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June 26, 2011 / Siobhan Argent

Overland, issue 203

Published 25/6/11 at Arts Hub

On occasion, literary journals can sometimes suffer from a lack of direction. The selection of included works can be so wide-ranging that it becomes difficult to define the stance of the journal, or whether it has one at all, political, literary or otherwise. A literary journal can, quite simply, threaten to fail the very work it is espousing by failing to provide an ideological framework.

Overland, however, has long proved itself as a journal that can maintain a distinctly progressive, left-leaning voice while catering to a range of tastes, styles and genres. As a result, it can sometimes be a challenging read; I remember reading one of Bob Ellis’ contributions to Overland and humming with rage. But wouldn’t you rather a journal that excites emotions rather than quells them?

The latest edition, issue 203, is no exception. Stephanie Holt’s discussion of the St Kilda football scandal in ‘Football’s women problem’ does seem to be treading familiar territory, but thanks to research performed above and beyond the Twitter feeds (a common enough news source in mainstream media, as Holt notes) she is able to delve a little deeper into the ways homoeroticism, team formation sociology and a culture of female sexual degradation combine to infect the public image of the AFL.

Rodney Croome’s ‘True and good citizens’ is a fascinating insight into the use of marriage as a political tool in the early days of Australia’s colonisation, arguing that the history of marriage in Australia ‘is the history of flawed plans to manipulate society by controlling who ordinary people wed’. It’s an arresting subject and links well with his discussion on
the current state of same-sex marriage legislation today, but it seems to gloss over important factors impeding the progression of marriage equality. As Croome himself points out, a ruling on foreign same-sex unions being formally
recognised in Australia was an election year, and a strong conservative Christian base is difficult to ignore. But he pays no due to the frustrating bureaucratic nature of politics that may impede certain sympathetic parties; just how much, for example, has the bureaucracy of politics stilted the same-sex marriage cause?

In a similar vein, Antony Loewenstein’s ‘Boycotts and Literary Festivals’ questions the political power of certain individuals; in this case, writers attending the Galle Literary Festival in Sri Lanka. Participation in literature events  becomes an oddly charged political event in this context; who and when, for example, decide when it is morally acceptable to attend a literary event in a country trying to forget past (and unpunished) war crimes? It’s a troubling concept, given the power of literature to liberate, and the unfortunate need to utilise it as a political weapon. But as Loewenstein points out, ‘cultural events don’t take place in a vacuum’.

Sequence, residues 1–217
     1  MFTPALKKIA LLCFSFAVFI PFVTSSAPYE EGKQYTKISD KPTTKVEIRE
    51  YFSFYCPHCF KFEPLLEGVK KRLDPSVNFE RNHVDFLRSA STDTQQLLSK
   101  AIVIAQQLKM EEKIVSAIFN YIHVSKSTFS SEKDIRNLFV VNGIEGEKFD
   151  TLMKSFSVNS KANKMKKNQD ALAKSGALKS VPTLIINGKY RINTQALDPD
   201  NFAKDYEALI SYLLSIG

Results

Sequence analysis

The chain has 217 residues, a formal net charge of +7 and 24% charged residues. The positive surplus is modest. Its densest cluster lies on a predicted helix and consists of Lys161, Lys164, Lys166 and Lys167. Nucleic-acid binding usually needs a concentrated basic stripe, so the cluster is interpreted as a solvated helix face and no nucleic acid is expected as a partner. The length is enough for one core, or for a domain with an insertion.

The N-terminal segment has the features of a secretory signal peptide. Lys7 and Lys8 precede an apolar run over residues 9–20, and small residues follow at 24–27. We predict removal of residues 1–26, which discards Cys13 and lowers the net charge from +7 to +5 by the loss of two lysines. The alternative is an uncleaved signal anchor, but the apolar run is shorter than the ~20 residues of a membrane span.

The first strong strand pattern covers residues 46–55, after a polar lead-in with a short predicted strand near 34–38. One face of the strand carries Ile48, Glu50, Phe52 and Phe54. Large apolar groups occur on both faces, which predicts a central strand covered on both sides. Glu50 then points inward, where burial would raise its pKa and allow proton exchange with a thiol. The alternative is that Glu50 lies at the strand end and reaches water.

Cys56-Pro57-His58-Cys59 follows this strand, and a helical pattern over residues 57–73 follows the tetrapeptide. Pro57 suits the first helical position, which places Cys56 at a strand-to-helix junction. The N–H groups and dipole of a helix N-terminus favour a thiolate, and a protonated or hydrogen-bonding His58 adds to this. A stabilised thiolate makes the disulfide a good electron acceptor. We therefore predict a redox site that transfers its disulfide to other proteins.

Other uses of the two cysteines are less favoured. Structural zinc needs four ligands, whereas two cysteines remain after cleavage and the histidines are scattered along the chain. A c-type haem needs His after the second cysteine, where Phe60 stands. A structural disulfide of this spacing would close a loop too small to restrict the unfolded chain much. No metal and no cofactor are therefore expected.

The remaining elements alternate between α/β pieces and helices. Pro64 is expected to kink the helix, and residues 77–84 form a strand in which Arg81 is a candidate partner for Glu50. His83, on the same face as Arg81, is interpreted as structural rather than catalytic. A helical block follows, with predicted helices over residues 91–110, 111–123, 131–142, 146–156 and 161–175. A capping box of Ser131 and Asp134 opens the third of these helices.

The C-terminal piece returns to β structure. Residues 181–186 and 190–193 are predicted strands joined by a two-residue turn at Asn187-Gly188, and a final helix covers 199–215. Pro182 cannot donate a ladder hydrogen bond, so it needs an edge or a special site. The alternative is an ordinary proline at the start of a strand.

In terms of poetry, Overland seems to come out swinging with a wide range of poetry in varied forms. I lack expertise in the area but there is certainly an excellent and evocative piece in Judy Durrant’s ‘and day breaks’, with the more rhythmic and brutal ‘Posture’ providing an immediate contrast on the opposite page.  It’s difficult to place a finger on why, but each poem in 203 seems quite ‘Australian’ in its tone; perhaps it’s the references to Australian life, but it’s important to note  that none of the selections suffer from a pretentiousness or hubris that detracts from the all-important tone of each piece.

The fiction in Overland has also consistently maintained a beautiful variety of work over the years. In a sampling of this issue’s fiction, the lyrical composition and bittersweet tone of Larissa Behrendt’s story contrasts the somewhat savage tone and storyline of Susan Bennett’s ‘Daylight’. It’s also a story with a twist, which seems rare these days; whatever happened to the joy of a punchy, darkly comedic ending? It almost seems like a relief to see the style make a comeback.

This review has covered only a small section of Overland’s latest issue, but it’s clear from a thorough reading that this literary journal is never short on challenging and varied pieces of all genres, however progressive or diverse the topic.


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